Being built at Kahawa, near Nairobi, Kenya, is a British military township to accommodate two infantry battalions.
Being built at Kahawa, near Nairobi, Kenya, is a British military township to accommodate two infantry battalions. For the men in their off-duty hours and their wives and families, there will be a modern town of 530 homes, with church, cinema, shops, clubs, a swimming pool and sports field. The total cost will be over GBP3 1/2 M.
Though the scene is peaceful, verbal storms rage over Kahawa and other British camps in Kenya: The Kenya African National Union - the major parliamentary opposition group - threaten to "break them up" when Kenya becomes independent.
The Union's General-Secretary, Mr. Tom Mboya, said June 12 it would continue to press for them to be closed. "If they still exist when Kenya gets independence, Africans will break them up", he said amid cheers.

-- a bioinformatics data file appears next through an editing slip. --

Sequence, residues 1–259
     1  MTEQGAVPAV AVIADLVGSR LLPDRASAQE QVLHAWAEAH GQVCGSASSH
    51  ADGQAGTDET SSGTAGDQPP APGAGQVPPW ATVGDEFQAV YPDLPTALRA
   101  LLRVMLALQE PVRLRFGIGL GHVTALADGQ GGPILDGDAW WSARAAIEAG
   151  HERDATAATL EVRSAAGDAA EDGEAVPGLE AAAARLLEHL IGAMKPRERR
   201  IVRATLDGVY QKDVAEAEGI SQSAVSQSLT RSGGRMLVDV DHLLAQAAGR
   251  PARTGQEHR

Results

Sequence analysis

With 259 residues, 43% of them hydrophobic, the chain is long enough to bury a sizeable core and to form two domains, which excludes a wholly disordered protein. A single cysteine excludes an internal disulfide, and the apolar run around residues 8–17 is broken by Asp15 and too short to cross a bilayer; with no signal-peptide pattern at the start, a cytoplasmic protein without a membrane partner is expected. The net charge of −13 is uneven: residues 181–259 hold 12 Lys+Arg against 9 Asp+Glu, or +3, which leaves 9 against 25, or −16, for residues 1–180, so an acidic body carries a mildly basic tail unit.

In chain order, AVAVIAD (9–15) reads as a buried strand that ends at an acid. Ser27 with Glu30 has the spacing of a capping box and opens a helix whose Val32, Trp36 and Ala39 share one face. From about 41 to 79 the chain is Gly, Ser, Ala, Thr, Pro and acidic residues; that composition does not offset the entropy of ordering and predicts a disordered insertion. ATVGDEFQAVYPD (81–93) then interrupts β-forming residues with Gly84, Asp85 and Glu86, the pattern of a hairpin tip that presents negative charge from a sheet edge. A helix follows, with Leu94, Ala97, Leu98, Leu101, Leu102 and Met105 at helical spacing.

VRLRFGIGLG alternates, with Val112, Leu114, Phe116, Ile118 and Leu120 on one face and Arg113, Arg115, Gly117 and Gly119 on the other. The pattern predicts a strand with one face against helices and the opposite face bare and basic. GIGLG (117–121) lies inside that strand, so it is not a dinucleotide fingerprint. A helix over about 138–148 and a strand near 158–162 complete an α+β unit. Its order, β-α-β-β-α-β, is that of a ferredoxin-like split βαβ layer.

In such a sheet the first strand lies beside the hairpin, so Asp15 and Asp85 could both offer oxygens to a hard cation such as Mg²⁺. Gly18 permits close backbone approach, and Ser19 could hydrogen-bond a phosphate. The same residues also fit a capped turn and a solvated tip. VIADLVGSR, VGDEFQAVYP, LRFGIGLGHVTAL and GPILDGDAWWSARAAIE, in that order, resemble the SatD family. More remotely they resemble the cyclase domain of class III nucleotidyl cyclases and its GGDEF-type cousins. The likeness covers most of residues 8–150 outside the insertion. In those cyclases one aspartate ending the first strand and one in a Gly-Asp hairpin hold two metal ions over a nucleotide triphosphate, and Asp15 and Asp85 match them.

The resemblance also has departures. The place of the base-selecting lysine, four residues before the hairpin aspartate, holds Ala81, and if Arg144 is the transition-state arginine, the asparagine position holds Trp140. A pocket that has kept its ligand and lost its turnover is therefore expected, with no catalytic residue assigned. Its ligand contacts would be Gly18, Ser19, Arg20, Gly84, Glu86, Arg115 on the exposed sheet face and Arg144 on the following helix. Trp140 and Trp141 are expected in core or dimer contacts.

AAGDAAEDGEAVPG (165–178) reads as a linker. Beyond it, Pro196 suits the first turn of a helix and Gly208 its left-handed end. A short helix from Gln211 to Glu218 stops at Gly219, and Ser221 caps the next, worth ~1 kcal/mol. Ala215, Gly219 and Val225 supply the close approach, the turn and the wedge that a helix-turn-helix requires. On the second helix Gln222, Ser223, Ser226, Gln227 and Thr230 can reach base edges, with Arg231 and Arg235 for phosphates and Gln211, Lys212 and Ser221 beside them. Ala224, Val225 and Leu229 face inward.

Recent African-inspired rumours said Kahawa was to become a secret NATO dump for nuclear weapons. The government denied it and invited cameramen June 14 to visit the entire township under construction. Our cameraman reported: "The only thing that resembles a dump is the water purifying plant".
Work on the township gives employment to some 3,000 Africans work started in 1959 and the township is due to be completed early next year.